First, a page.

The Culture Fit Interview
What is a culture fit interview?
Once rare, this is an increasingly vital part of the new hire vetting process. The culture fit interview assesses a person’s suitability for a role based on their apparent mores and ideals, and how those line up with a company’s core values.
Not familiar with the idea of core values or how to choose them? Check out Verne Hamish’s Scaling Up.
What’s the point?
Employee acting not in accordance with company values? That’s fireable. A good culture fit interview is meant to weed out those who’d get canned for value offenses down the line anyway. And of course— due diligence as to the general “I can work with you” vibe a potential new hire gives off.
Here’s an easy example: A commonly stated core value is kindness. This means being kind and acting with kindness in all ways and situations in which one represents the company. You know what’s not kind? Sending a nasty tweet to a competitor. Responding rudely to a customer. Being generally unkind to a vendor. Those are all fireable offenses. If kindness is a company value and you snidely deride a former employer, you’re probably not passing that interview.
Those offenses are not the end of the world, no, but if they fly in the face of a company’s core values, then not enforcing them may very well point to a lack of integrity all the way up to leadership. That’s not even a company you want to work for.
So how do you prepare for a culture interview?
Step 1: Do your homework
Research the company you’re interviewing with. How big are they? How new? How … funded? Is there a publicly visible team mission statement?
Find out what you can about what the company looks for in a candidate, even beyond the skills and professional experience needed for the role.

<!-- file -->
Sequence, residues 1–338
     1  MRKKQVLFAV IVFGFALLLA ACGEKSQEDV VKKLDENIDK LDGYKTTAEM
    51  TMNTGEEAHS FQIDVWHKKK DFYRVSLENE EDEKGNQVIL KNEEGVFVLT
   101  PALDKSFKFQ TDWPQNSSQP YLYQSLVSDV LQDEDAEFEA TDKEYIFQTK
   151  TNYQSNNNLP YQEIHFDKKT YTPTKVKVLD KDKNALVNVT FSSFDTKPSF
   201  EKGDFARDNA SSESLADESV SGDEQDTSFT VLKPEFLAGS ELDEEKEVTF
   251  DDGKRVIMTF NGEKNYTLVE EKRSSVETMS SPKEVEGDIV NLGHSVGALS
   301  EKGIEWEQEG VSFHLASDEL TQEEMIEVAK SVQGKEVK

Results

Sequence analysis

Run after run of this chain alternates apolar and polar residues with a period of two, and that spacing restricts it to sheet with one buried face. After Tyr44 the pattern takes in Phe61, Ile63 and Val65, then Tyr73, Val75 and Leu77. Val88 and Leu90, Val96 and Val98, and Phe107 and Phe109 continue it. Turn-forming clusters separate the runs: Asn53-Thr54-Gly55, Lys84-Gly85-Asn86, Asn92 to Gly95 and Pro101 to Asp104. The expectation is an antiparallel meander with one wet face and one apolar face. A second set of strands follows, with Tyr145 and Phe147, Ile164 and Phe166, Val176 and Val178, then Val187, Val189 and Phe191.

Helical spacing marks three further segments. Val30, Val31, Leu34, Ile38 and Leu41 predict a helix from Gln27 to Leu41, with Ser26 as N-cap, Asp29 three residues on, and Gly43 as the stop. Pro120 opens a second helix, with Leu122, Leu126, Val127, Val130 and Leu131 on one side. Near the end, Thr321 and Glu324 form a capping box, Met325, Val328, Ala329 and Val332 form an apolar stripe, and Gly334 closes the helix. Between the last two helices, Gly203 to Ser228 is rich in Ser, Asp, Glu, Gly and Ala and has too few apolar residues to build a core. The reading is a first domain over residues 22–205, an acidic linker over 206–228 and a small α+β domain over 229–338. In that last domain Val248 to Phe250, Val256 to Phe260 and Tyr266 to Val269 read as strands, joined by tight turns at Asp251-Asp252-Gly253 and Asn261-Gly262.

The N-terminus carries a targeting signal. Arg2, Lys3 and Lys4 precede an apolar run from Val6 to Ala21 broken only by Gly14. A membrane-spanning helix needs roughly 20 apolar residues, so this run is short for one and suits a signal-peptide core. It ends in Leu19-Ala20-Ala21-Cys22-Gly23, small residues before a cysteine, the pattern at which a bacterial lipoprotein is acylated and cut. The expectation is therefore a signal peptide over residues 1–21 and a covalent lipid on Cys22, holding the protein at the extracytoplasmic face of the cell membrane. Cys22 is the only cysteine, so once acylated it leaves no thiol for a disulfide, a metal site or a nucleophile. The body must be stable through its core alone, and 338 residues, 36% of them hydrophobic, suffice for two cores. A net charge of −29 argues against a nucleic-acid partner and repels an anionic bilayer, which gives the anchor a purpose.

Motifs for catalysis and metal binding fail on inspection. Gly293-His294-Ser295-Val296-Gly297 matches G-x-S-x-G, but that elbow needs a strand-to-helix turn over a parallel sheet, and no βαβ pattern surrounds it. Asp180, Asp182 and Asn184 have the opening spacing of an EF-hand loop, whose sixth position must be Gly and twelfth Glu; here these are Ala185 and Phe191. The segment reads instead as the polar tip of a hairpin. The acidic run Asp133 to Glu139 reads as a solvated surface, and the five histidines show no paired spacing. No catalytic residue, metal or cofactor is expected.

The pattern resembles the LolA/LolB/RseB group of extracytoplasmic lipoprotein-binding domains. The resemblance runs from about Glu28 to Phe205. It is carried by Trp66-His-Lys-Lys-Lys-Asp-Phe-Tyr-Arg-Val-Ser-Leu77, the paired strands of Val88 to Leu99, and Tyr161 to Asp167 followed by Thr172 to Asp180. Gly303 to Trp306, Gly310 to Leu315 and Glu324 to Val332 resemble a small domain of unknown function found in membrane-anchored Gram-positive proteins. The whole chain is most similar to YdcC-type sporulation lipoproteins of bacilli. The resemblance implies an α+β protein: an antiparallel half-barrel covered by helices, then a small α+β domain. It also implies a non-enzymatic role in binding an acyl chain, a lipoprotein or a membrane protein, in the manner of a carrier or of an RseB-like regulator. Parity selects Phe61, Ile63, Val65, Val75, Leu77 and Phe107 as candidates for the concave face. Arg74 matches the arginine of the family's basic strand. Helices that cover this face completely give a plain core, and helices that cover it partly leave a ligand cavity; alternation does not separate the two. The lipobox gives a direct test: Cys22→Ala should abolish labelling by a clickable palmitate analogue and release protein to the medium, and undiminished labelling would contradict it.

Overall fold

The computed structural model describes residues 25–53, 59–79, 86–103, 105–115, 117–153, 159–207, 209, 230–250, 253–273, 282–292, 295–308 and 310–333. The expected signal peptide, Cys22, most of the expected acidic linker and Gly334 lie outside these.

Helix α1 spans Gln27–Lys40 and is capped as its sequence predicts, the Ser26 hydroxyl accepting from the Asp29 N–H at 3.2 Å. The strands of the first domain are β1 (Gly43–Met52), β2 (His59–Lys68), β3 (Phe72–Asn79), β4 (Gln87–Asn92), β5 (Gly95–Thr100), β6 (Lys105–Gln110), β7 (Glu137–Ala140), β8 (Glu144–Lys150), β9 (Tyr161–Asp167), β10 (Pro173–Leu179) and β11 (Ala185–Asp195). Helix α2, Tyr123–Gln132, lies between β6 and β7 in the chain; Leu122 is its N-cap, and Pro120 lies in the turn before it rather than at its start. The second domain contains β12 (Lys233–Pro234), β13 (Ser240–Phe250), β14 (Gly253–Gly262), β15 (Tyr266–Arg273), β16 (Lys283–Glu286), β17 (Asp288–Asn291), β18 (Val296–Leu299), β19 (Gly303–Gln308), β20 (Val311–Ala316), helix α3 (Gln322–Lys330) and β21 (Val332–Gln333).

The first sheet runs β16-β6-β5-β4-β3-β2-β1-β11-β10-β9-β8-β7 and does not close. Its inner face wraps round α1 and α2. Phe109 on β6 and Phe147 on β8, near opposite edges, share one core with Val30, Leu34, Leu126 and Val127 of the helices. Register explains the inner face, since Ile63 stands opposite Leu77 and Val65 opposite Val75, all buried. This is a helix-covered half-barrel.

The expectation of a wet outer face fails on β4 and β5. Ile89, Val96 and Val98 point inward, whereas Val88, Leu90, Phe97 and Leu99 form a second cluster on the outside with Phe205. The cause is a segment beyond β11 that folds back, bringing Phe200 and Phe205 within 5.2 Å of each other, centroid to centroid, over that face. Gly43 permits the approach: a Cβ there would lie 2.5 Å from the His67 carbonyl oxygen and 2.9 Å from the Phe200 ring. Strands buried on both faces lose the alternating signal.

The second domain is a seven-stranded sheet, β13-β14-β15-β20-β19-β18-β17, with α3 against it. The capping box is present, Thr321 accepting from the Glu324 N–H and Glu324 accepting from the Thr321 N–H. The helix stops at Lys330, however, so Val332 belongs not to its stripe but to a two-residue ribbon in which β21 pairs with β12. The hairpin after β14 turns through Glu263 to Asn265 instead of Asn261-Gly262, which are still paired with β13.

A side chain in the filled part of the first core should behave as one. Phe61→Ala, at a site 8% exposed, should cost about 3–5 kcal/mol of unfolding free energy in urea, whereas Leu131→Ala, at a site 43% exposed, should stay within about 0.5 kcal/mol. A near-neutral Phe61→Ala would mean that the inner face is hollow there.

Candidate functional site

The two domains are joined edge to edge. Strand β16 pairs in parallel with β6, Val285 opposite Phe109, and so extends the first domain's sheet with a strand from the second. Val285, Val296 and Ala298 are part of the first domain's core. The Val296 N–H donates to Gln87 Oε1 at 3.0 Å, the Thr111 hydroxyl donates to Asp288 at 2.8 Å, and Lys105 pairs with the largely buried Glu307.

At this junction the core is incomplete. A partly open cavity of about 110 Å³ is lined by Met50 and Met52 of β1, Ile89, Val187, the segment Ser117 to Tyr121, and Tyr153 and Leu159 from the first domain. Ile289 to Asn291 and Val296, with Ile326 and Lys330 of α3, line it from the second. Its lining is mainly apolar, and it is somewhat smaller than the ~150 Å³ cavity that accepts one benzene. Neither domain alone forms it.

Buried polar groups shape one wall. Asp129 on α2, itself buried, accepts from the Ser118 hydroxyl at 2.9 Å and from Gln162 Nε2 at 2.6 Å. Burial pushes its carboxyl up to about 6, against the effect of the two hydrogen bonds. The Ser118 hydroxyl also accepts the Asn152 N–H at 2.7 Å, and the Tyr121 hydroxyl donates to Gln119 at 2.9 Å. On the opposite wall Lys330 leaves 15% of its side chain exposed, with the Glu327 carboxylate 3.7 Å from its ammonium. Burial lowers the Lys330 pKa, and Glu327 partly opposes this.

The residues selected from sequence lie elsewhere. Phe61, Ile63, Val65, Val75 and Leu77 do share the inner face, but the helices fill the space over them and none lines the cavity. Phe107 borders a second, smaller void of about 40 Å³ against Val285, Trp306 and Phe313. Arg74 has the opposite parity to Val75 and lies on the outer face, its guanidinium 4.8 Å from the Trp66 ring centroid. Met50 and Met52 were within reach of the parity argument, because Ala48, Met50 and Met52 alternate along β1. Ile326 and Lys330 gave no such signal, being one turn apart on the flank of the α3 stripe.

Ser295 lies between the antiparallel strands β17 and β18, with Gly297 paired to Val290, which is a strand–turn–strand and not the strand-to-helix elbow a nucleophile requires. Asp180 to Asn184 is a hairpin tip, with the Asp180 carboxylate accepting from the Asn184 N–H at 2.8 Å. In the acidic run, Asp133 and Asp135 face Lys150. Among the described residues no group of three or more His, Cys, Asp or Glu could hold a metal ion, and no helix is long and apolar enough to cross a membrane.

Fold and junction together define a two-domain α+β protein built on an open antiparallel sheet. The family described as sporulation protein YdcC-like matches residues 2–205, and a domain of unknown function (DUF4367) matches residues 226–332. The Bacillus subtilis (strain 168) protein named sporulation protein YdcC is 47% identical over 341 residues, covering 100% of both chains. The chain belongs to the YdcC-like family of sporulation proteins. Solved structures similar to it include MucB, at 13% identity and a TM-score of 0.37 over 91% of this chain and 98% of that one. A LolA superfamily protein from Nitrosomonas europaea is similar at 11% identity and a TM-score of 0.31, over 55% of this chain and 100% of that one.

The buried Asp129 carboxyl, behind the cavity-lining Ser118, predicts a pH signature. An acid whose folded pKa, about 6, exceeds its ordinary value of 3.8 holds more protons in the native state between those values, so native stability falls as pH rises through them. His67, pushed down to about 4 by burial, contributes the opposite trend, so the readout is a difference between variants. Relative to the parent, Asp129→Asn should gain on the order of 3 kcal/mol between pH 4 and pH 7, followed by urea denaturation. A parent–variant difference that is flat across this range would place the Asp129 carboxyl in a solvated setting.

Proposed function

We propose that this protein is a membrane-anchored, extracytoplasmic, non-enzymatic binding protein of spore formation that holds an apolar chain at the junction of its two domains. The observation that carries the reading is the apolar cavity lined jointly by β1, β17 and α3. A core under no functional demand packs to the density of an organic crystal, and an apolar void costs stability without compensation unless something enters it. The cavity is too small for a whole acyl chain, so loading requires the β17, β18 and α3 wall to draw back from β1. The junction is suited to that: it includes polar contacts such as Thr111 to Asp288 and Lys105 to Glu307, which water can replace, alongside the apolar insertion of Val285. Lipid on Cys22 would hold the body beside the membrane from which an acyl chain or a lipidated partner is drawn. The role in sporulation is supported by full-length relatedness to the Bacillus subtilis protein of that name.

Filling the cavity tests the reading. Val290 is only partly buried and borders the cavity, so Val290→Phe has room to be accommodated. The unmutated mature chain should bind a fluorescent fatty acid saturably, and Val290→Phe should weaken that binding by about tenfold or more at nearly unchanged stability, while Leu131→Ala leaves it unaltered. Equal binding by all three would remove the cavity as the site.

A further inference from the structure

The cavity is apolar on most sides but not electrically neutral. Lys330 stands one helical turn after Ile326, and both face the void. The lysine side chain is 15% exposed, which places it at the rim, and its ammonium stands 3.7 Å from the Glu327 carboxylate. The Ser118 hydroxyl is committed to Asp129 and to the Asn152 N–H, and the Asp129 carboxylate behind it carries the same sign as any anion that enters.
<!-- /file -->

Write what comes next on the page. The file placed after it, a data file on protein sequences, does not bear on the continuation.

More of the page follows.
After your initial reconnaissance mission— well, do you even want to work for the company? If you know in your heart of hearts that you loathe working 1-on-1 with users and you’re applying for a CS role at a company with “take care of people” as a core value, then it might not be the place for you after all.
Step 2: Prepare questions
If you’re truly invested in landing a job at the company, you’ve gotta have a healthy level of curiosity about the goings-on there. I mean, you are interested in working there, right?
It’s the culture interview, so it won’t hurt to have some Qs prepared about things that’ll affect your employment experience. If you applied for a Customer Experience gig, you might be interested in what sort of user research is done, or how much emphasis is put on live chat versus asynchronous customer service communication. If you’ve never worked remotely and you’re applying for a role at a company with a 100% distributed team, you’ll be interested in what the company offers in the way of communication support.
Step 3: Be honest
You’re applying for a company that has a culture fit interview at all. That means there’s more at stake— more money, more responsibility, more impact— and it’s going to be at least one, ideally all three of those things. A good culture fit interviewer will be able to see right through your BS stories, so just be honest. Even if you BS your way through and happen to “win” the role, it probably won’t last long, and probably won’t end well.
The fact is, a culture fit interview isn’t just for the company to decide if you’re a fit. This type of interview is also a time for you to decide if you could possibly stand working with that team. This is the perfect time to measure how the culture and work-life balance needs you have may compare to what’s being offered.
TL;DR: There’s no mystery here
You’re not going to bat a thousand when it comes to culture fit, and that’s okay. This interim step between a traditional skill interview and getting hired helps ensure that there’s value for value happening from Day 1.
- Do I want to be associated with this company and their products?
- Are these values in line with my personal ideals?
- Is the value for value compelling enough for me to commit myself to this role?
If you’ve got a culture interview or two lined up, I strongly suggest you choose to view the experience as a chance to interview and assess the company. Look to measure suitability of the company’s role in your career path and desired work-life balance. Good luck!